Updated November 27, 2019: Please note that the winning cases have been formally published and are available at this link.
In conflict-affected, fragile, and transitional situations, development practitioners face stubborn delivery challenges – obstacles that impede implementation of policies, projects, and programs. Tackling these delivery challenges is crucial to successfully deliver services to those who need them, particularly as the global fragility landscape becomes increasingly complex and the percentage of the world’s extreme poor living in these situations increases. To catalyze sharing of experiences around these crucial issues, the Global Delivery Initiative launched its first-ever case-study competition in connection with this year’s GDI Annual Conference. The conference will take place this year in Tunis, Tunisia, on November 5-6, and will focus on service delivery in fragile, conflict-affected, and transitional situations.
Now, GDI is pleased to announce the winners of the first ever GDI Case Study Competition.
GDI sought submissions of case studies that described how development practitioners overcame difficult challenges to implement projects or programs in fragile and conflict-affected environments. The competition was open to anyone who wanted to explore mechanisms of success and failure in implementing development interventions in fragile, conflict-affected, and transitional environments. The competition received 47 submissions from 29 organizations, and we thank all the authors who submitted their experiences to the competition. Case study entries addressed a range of development challenges in countries around the world.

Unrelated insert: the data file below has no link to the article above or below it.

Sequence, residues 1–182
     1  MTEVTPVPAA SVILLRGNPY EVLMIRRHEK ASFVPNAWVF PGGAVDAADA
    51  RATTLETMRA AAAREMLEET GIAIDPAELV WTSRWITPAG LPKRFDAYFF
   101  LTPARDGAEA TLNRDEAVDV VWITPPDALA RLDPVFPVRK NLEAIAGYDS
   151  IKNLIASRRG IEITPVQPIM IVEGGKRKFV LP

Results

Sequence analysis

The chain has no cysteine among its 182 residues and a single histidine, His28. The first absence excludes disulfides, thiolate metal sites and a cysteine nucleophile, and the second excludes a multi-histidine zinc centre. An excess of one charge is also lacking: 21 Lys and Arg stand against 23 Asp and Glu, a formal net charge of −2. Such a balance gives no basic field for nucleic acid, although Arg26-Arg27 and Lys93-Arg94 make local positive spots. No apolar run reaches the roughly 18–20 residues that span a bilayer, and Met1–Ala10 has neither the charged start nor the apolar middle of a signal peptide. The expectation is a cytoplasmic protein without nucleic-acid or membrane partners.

The winning entries are:
- “Public Service Delivery Improvement through Citizen Feedback” by Hasnain Iqbal, Punjab Information Technology Board
- “Transforming Education in Khyber Pakhtunkhwa - A Case Study from Pakistan” by Hina Khan, Adam Smith International
- “Sustainable Health Infrastructure in Rural Myanmar” by Yoga Baral, UNOPS
- “Delivering in the Aftermath of the Earthquake: A Donor’s Perspective from the Haiti Infrastructure and Institutions Emergency Recovery Project” by Jordy Chan & Malaïka Bécoulet, World Bank Group
The winning student submission is:
- “Reducing Maternal Mortality in an Indigenous Community in Morales, Colombia” by Silvia Villegas, Universidad de los Andes
The authors of the winning submissions will receive travel grants to attend GDI’s Annual Conference. Those winning case studies will also be published in the Global Delivery Library on the GDI platform.
A core goal of GDI is to construct an evidence base of delivery know-how that cuts across sectors, countries, and organizations. Building this base of delivery know-how will deepen our understanding of how development interventions are implemented on the ground, the kinds of challenges that hinder implementation, and strategies that allow implementers to overcome them. This work helps practitioners make more informed decisions on program implementation and produce consistent results on the ground. These winning entries are examples of concise, engaging case studies that focus on delivery challenges – obstacles that emerge during implementation and hinder development impact – and how implementers responded to these challenges.
GDI appreciates the contributions of conference sponsors, including the Inter-American Development Bank, the Islamic Development Bank, the Korea Development Institute, and the World Bank, who sponsored travel grants for participants. We also extend warm thanks for the contributions of our evaluation panel judges from IDB, IsDB, JICA, the KDI School, and the World Bank.
Be sure to check out the event page for GDI’s Annual Conference in Tunis, Tunisia (registration information and agenda coming soon). We look forward to exploring these cases in greater depth at the conference, through the publication of the case studies, and in this space (so stay tuned for future blog posts!). For more information on the case study competition and the annual event, please contact firstname.lastname@example.org.